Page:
works well. A quick check of the idle screws and it was
still running roughly - I think I referred to it as a tractor
at the time. Something wasn't quite right. Steve then noticed
that there was a large quantity of fuel being thrown back
out of the carbs. You could actually see a mist emanating
from the trumpets. There was definitely something wrong
We called it a night and I retreated to contemplate possible
causes. The only thing I could come up with was the cam
timing. If the inlet and exhaust cams were out of sink it
could be why the fuel was being thrown back out. Brent kindly
gave me a suitable piece of flat bar so that I could check
the cam timing. The method for standard cams is to place
a 5mm flat bar into slots in the cams. The bar will only
fit in place with the cams in the right rotation. In the
end I didn't need the bar for the initial check - I could
instantly see the two slots on the rear of the cams didn't
match. Problem found - I just hoped that it hadn't done
any damage internally. I had to set the engine at TDC to
be able to re-set the cams. To do this Raceline lent me
a DTI and some other bits. The technique that I used was
the cam cover removed, I fixed a steel plate in the
center trough, using the middle cam cover bolt holes.
This gives a base for the DTI's magnetic base to fix
to. The plate should be flat and have a 6mm hole directly
over No.1 cylinder.
dropped a length of 5mm rod down the hole into cylinder
number one. Obviously making sure that the rod was
long enough not to disappear.
the DTI so that the point was resting on top of the
rod with plenty of movement in both directions and
set the dial to 0.
an 18mm socket I rotated the engine until the DTI
reading reached a peak, at which point it would dwell.
I checked that I had the right cam rotation - i.e.
not 180 deg out - by seeing if the cam slots are in
roughly the right position. Then I re-set the dial
rotated the engine backwards (anti-clockwise) around
1/8th of a turn and then forwards (clockwise) until
the dial reaches 0 (the beginning of the TDC dwell).
I attached a protractor to the main pulley and lined
up the 0 with the TDC marker on the engine.
continued to rotate the engine clockwise but stopped
as soon as the DTI started to register a drop of the
read the amount of rotation on the protractor and
make a note of this figure and divided it in half
to get the mid-dwell position
I reversed the engine, again by around 1/8th of a
turn. Bringing the engine forward until the TDC mark
is in line with 0 on the protractor. I continued until
I reached the mid-dwell position calculated and checked
that the DTI still read 0.
was TDC of No.1 and I marked the pulley for future
With the engine set to TDC I could clearly see that it was
the exhaust cam that was out, as the inlet slot was parallel
with the head. A few minutes later and the cam belt was
slackened off, the offending cam rotated back by one tooth
(which equated to around 9 degs) and the belt was back in
place an tensioned. I then double checked everything and
very slowly rotated the engine by hand listening for any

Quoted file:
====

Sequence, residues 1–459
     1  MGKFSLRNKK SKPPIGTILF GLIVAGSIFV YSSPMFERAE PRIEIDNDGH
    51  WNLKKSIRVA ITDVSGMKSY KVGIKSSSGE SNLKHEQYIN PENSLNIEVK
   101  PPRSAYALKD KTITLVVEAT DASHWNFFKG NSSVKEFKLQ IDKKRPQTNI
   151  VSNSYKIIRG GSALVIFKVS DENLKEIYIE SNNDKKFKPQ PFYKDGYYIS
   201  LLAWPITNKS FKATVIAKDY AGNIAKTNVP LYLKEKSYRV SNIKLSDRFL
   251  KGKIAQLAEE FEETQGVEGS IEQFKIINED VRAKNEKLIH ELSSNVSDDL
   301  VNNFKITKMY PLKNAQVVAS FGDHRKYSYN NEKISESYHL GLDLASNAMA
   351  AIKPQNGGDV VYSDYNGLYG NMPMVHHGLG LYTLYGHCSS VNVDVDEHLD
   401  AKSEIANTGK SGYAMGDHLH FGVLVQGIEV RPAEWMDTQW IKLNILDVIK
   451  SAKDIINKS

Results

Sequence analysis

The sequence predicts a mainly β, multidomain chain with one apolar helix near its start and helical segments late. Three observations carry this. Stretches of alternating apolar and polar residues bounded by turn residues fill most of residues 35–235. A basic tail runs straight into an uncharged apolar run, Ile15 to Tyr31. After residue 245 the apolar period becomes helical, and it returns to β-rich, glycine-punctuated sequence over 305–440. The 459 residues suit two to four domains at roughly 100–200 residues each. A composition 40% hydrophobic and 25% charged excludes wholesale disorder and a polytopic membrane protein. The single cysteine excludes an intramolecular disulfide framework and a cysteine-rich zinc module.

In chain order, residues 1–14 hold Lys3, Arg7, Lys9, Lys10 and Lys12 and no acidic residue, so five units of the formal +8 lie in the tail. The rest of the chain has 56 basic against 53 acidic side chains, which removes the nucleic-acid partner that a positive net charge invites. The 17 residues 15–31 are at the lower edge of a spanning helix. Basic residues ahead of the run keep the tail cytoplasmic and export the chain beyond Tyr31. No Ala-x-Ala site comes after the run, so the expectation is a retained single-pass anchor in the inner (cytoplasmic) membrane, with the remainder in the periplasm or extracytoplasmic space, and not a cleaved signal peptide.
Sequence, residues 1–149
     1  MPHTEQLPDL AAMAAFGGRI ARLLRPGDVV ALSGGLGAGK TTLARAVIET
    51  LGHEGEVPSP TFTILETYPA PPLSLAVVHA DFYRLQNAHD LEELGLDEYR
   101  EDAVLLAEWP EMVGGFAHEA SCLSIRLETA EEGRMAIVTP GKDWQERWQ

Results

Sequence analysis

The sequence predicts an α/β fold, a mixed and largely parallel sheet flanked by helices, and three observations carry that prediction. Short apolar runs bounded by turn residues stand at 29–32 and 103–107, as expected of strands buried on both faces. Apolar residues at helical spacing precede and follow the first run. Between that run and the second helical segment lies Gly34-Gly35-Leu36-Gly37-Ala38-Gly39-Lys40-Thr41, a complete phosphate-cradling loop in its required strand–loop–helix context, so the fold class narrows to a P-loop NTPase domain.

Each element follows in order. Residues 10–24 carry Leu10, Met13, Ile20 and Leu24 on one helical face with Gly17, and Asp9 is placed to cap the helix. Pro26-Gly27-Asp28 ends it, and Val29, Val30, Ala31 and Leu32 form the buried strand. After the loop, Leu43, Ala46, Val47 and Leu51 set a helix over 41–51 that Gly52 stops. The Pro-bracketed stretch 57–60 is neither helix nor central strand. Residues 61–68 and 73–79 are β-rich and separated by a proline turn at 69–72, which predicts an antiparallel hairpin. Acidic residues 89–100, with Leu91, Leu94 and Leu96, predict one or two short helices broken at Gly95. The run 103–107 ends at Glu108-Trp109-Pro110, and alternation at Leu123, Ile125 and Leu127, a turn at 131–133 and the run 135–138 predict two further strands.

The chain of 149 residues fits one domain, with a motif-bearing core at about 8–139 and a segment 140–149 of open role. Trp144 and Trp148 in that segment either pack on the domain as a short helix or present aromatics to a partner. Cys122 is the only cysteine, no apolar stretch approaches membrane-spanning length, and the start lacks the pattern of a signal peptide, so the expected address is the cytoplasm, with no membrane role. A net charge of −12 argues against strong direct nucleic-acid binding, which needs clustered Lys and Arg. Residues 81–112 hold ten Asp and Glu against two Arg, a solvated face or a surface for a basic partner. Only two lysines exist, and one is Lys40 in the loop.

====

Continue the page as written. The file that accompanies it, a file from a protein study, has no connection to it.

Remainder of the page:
bad noises. None came and I was eventually satisfied enough
that I should try starting her again. This time it ran perfectly,
so smooth and a rock solid idle, that was more like it!
All I needed then was to finish the brake upgrade, put the
rest of the car back together and some descent weather.
Once I hit the road it was pretty clear that my carb set-up
was not ideal. It idled perfectly whatever jet we fitted
but at around 2750-3000rpm it had a very large flatspot
that was quite hard to drive around as I was trying to run
it in to begin with. I lived with this until the running-in
period was finished (500 miles, upping the rev limit by
500rpm every 100 miles, starting at 3500rpm) and then booked
a rolling road session as we hadn't been able to find a
solution amongst our collection of jets. On the eve of the
session I had an exciting moment which highlighted why it
needed to be done. Exiting a local roundabout on a wet,
dark night on my way to get a full tank in preparation I
had an idiot close behind me. I thought I would pen the
gap a little to a safer distance and put my foot down a
little more, in 3rd gear still only doing around 40mph.
The car picked up, and then went into the flatspot - great
I thought, then it came out the other side, hit a wave of
torque and the car stepped sideways, by now at about 60mph.
Sevens on a wet road deserve respect, but this was silly.
The RR session was pretty straightforward, just going through
each adjustment in turn. The biggest change was made by
swapping the F16 emulsion tubes for F7's. The rest was just
minor tweaks from then on.
The drive home was great, no stuttering, just seamless power
and totally useable. I sill couldn't bring myself to find
the rev limiter - that took a while. What a great engine
it is too, I don't want a screaming rev-craving engine as
I like to be able to change from banzai blat to relaxed
cruise home, etc. The Zetec gives the best of both worlds
and the extra grunt over the x/flow (165bhp verses 100bhp,
and 146ft lb verses 100ft lb) really brings the car alive,
with enough squirt to blow away most cars that are brave
enough to try. Of course, I'm now wondering if a little
more would be worth pursuing. To this end I have a spare
cylinder head ready for porting but I'd then need new cams,
verniers and it would need re-jetting again, so I think
it would be wiser to go to injection with throttle bodies,
but this adds tank, fuel lines, TB's, fuel rail and a new
ECU to the list, to name but the main items. We'll see though,
it will have to come eventually.
Raceline - 01483 811978
James Whiting - 01784 241466